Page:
Spinal cord injury symptoms and functional outcomes after occupational therapy are unique to each individual. Our goal is to maximize functional independence and mobility during rehabilitation at Gillette. We customize your therapy to you and your family’s needs by working as a team. The following information is meant to provide you with general information on what occupational therapy will address after a spinal cord injury.

After a Cervical Spinal Cord Injury:

The muscles affected by a cervical spinal cord injury include the neck, shoulders, diaphragm, elbows, wrists and fingers. Treatment after a cervical spinal cord injury may include:

  • Increasing independence with participating in and directing your cares-transfers, positioning and self-cares (i.e. feeding, dressing, brushing teeth)
  • Completing activities of daily living using adapted equipment, as needed (i.e. reacher, adapted eating utensils, sock aide, wash mitt, commode, bath chair)
  • Training in assistive technology, if needed, in order to learn new ways to communicate and participate in activities that are meaningful to you—this may include using your breath, voice, eye movement, touch, and/or an adapted keyboard, mouse or smartphone
  • Maximizing arm and hand function through various strengthening exercises and activities:
    • Orthotics may be used to support the joints of your arms or hands in order to perform tasks and prevent muscle tightness
    • Mobile arm support may be utilized to promote active movement in your upper extremities
    • Stretching may be appropriate to keep your joints healthy
    • Muscle training and re-education through the use of specialized equipment and other modalities, which may include the pool, electrical stimulation and/or virtual reality when applicable
    • Learning how to use your arms to support yourself in sitting positions, to roll in bed and to assist with transfers
  • Determining the most functional means of mobility, which could include using a manual and/or power wheelchair and teach you how to move as safely and as independently as possible and in different environments
  • Determining what type of equipment and environmental modifications you/your child may need at home and at school to return to productive lives

After a Thoracic Spinal Cord Injury:

The muscles affected by a thoracic level spinal injury include the hands, upper chest, abdominal muscles and trunk muscles. Treatment after a thoracic spinal cord injury may include:

  • Learning basic activities of daily living: gaining independence with bathing, dressing, and toileting and learning to use adapted equipment as needed (i.e. shower chair, long-handled sponge and reacher)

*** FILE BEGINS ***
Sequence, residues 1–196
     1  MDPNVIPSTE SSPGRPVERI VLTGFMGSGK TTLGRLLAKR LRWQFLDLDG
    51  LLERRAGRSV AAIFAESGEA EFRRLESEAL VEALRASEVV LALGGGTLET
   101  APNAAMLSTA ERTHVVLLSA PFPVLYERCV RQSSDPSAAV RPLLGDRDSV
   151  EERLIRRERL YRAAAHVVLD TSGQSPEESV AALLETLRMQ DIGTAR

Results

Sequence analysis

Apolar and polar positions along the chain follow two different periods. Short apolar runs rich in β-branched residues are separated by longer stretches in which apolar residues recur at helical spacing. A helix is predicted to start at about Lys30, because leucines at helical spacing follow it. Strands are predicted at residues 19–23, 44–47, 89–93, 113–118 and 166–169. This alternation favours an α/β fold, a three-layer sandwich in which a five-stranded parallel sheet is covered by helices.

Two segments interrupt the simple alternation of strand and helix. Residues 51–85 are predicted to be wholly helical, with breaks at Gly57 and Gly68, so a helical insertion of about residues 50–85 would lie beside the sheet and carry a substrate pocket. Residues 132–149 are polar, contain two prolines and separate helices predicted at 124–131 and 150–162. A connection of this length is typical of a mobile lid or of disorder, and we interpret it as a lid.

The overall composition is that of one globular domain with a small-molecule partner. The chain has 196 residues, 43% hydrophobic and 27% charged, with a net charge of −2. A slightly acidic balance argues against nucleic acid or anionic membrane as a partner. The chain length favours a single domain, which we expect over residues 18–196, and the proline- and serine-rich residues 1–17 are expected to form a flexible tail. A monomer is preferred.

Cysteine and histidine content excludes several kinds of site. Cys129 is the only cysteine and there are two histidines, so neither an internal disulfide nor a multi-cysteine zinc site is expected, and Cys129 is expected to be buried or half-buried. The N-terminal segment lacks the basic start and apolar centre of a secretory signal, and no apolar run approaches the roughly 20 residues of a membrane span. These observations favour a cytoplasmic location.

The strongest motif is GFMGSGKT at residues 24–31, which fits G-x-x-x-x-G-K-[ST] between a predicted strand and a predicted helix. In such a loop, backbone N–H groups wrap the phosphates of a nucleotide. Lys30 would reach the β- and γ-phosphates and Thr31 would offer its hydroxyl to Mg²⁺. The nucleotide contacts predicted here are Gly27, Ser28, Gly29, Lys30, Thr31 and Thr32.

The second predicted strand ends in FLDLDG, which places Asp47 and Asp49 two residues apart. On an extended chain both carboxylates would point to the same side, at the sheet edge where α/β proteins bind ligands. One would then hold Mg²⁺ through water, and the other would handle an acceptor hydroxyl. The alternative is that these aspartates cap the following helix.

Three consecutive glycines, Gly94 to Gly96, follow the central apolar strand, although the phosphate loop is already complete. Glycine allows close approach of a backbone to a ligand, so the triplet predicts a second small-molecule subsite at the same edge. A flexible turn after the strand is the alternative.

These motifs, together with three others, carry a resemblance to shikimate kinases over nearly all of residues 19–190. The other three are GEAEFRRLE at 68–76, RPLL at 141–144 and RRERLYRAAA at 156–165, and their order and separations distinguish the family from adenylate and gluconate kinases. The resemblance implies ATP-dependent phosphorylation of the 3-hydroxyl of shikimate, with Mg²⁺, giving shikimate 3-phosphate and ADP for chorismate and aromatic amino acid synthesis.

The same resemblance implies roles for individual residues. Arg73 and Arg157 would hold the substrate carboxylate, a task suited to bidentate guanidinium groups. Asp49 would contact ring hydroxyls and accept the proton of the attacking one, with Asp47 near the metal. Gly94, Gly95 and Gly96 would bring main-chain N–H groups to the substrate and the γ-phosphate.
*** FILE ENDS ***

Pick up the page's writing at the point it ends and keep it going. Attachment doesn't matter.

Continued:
• Practicing instrumental activities of daily living: learning how to complete household chores and meal preparation with or without assistive devices
  • Working on mobility skills including sitting balance, scooting and transferring in and out of a wheelchair onto a variety of surfaces (bed, mat, car); you may also work on sliding board or stand-pivot transfers in OT and PT
  • Improving fine motor control skills needed for self-cares (shoe tying), leisure (board games, video games) and communication (handwriting, typing)
  • Increasing endurance to propel a manual wheelchair longer distances and on slightly uneven terrain
  • Maximizing shoulder, elbow, wrist and hand strength so that you can engage in activities that are meaningful to you
  • Education on how to protect your shoulder joints from overuse injury through stretching and strengthening exercises
  • Education on energy conservation techniques
  • Determining any necessary equipment and environmental modifications at home and at school

After a Lumbar Spinal Cord Injury:

The muscles affected by a lumbar level spinal cord injury include the hips and legs. Treatment after a lumbar spinal cord injury may include:

  • Learning ways to safely move with/without an assistive device as you complete your self-cares, leisure activities and instrumental activities of daily living (i.e. making a meal, washing dishes)
  • Standing endurance and balance skills will be facilitated during a variety of activities
  • Stretching and strengthening exercises needed to protect the joints in your upper extremities as you use a wheelchair, walker and/or forearm crutches
  • Evaluating the need for specialized equipment and environmental modifications at home and at school

This information is for educational purposes only. It is not intended to replace the advice of your health care providers. If you have any questions, talk with your doctor or others on your health care team. If you are a Gillette patient with urgent questions or concerns, please contact Telehealth Nursing at 651-229-3890.